Former Mayor Shirley Franklin broke ranks this week with Atlanta’s traditional black political alliance and endorsed Mary Norwood, a mayoral candidate who is noticeably white.
I called civil rights icon — and former mayor — Andrew Young to see what this means. Is the old Maynard Jackson Machine now dented and in a ditch?
“I haven’t figured it out yet; it’s still happening,” said Young. “I don’t know what it means. It might even be good.”
Young has endorsed Councilwoman Keisha Lance Bottoms for mayor in the runoff after backing City Council President Ceasar Mitchell in the general election. Mitchell seemed to be the heir apparent in the lineage of black mayors who trace back to Jackson, whose 1973 victory made him the patron saint of the Atlanta Way.
Young, who remains orthodox in supporting an African-American candidate, said “internal tensions in the black community” now mean monolithic support is no longer a sure thing.
Things ain’t like they used to be.
Consider this. The other day, an Atlanta resident named Stephen Lackey sent me a tape of Norwood talking to a Young Republican club. In the tape, Norwood explained her “independent” designation, saying Atlanta is overwhelmingly Democrat, “so you can’t win if you’re a Republican label.”
I assumed this to be part of the Democratic campaign to paint Norwood as a secret Trumpite who’s posing as a sweet little ole Southern lady to win over black voters.
Interestingly, Lackey’s no anti-Republican. He’s a business consultant who spends time raising money for GOP candidates. But he is also an African-American who thinks it’s important for Atlanta, the Black Mecca, to have a black mayor. He admits Norwood is impressive with her energy in responding to constituents. He’s even seen her at many funerals.
“She’s the perfect local politician,” he said. “But the country needs some examples of black exceptionalism. I think it’s important for black people to look towards that.”
Lackey, though, is not happy with Mayor Kasim Reed, who supported Bottoms from the start and battered other black candidates to give his candidate an edge.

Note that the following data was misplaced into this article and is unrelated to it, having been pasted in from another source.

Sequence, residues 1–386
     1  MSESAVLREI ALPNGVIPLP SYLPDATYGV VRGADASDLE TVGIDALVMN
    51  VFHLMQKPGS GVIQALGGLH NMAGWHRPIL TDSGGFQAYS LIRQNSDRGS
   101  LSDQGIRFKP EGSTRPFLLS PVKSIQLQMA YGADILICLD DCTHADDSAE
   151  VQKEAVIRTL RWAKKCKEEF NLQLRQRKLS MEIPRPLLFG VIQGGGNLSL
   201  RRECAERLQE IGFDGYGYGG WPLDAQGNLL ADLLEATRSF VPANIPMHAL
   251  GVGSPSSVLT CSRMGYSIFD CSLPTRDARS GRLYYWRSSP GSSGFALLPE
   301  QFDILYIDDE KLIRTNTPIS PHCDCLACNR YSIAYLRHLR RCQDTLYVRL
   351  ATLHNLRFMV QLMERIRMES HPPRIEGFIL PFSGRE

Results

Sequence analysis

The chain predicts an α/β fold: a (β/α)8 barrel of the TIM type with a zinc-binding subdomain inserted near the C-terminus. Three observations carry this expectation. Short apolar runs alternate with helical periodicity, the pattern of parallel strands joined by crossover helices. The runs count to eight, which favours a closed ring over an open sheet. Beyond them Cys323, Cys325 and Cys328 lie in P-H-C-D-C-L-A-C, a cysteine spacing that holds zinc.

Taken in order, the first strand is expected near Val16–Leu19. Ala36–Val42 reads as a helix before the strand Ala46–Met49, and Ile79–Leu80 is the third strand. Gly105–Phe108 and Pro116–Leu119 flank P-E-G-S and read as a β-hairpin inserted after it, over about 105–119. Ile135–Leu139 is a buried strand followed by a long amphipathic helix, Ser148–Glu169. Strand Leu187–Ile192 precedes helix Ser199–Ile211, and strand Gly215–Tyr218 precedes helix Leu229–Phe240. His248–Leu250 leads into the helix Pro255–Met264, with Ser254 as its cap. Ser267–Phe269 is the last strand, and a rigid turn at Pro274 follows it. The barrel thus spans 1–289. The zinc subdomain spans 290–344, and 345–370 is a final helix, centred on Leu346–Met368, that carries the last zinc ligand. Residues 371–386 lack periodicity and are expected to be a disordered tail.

Reed “is blowing up a machine that has been in place since Maynard Jackson,” Lackey said. If Bottoms wins, “Kasim Reed is the new boss. He can say, ‘I did what I want, act like I want, and you can’t touch me.’ “
The Rev. Timothy McDonald, former president of the Concerned Black Clergy, was part of a group of about 60 pastors who recently endorsed Bottoms.
In years past, black minsters were vital to getting out the vote, a fact that McDonald thinks will again hold true. He thinks it will be close this time, just like it was in 2009 when Reed nosed out Norwood.
I said to McDonald that Bottoms got momentum last week when some white Dems — including Jason Carter, the failed gubernatorial candidate (Kasim might even consider him a “loser”) — came out in her support. But the Franklin endorsement would seem to temper that.
Bottoms still has momentum, McDonald said, but she must carve a path as her own person.
“Her problem is not Keisha, her problem is Kasim,” said McDonald, one of the city’s reliable firebrands. “You’d be hard-pressed to find black people to say he did good for black people. I’d prefer she didn’t have his endorsement. Kasim ain’t done nothing (for black people), which is what Shirley said” while endorsing Norwood.
Well, in Hizzoner’s defense, he did create Candidate Bottoms, turning an uninspiring councilwoman into the No. 1 vote-getter. Two years ago, community groups in her district complained they rarely saw her. (They still do.)
But next thing you know, Kasim plops her in as the part-time, $135,000 a-year Rec Authority chief. He sends his contributors, the well-connected airport contractors, her way to give her tons of donations, and then he beats up on the other candidates, bringing them down in the polls as she rises without having to dirty her own mitts.
Ceasar Mitchell was Reed’s favorite target. It seemed intensely personal with The Mayor. But in the end, it was politics. Reed knew he had to destroy the top black candidate for his pick to survive to a runoff with Norwood.
The mayoral attacks brought Mitchell, a proud man and the son of an Atlanta cop, to do the unthinkable a week before Shirley did the same — he came out in support of Norwood instead of holding his nose and dutifully endorsing Bottoms. In doing so, he effectively immolated his career in the world of black Atlanta politics.
Over the weekend, I argued with someone on Facebook who called him a “race traitor,” which is the rhetoric that bubbles up when someone breaks with the tried-and-true path.
Mitchell, who introduced Franklin at a press conference outside City Hall, smiled when I asked if he got beat up after endorsing Norwood.
Yeah, he said.
“I was the canary in the coal mine,” he said. “But I couldn’t go quietly into the night. I didn’t like the rhetoric around this Democratic and Republican stuff.”
Franklin, who was Reed’s mentor and supporter during his 2009 campaign, has long disliked the way The Mayor has trashed her time in office to build up his own narrative.
But Franklin said her dislike of Reed didn’t bring her forward, it was the “prolific” corruption (a federal prosecutor’s word) in the city’s contracting process that brought her out — as well as concern about how much of Black Atlanta has lagged behind as the city grows rich.
Reed has not been touched by any charges in the ongoing investigation into bribery in the contracting process, but since he’s the chief, he owns the mess. Norwood and her supporters are using the issue to hammer away at Reed’s candidate.
I’m told The Mayor has signed up with the same speaker’s bureau that signed Andrew Young long ago. Seems like he’s going to have some interesting tales to tell on the after-dinner circuit.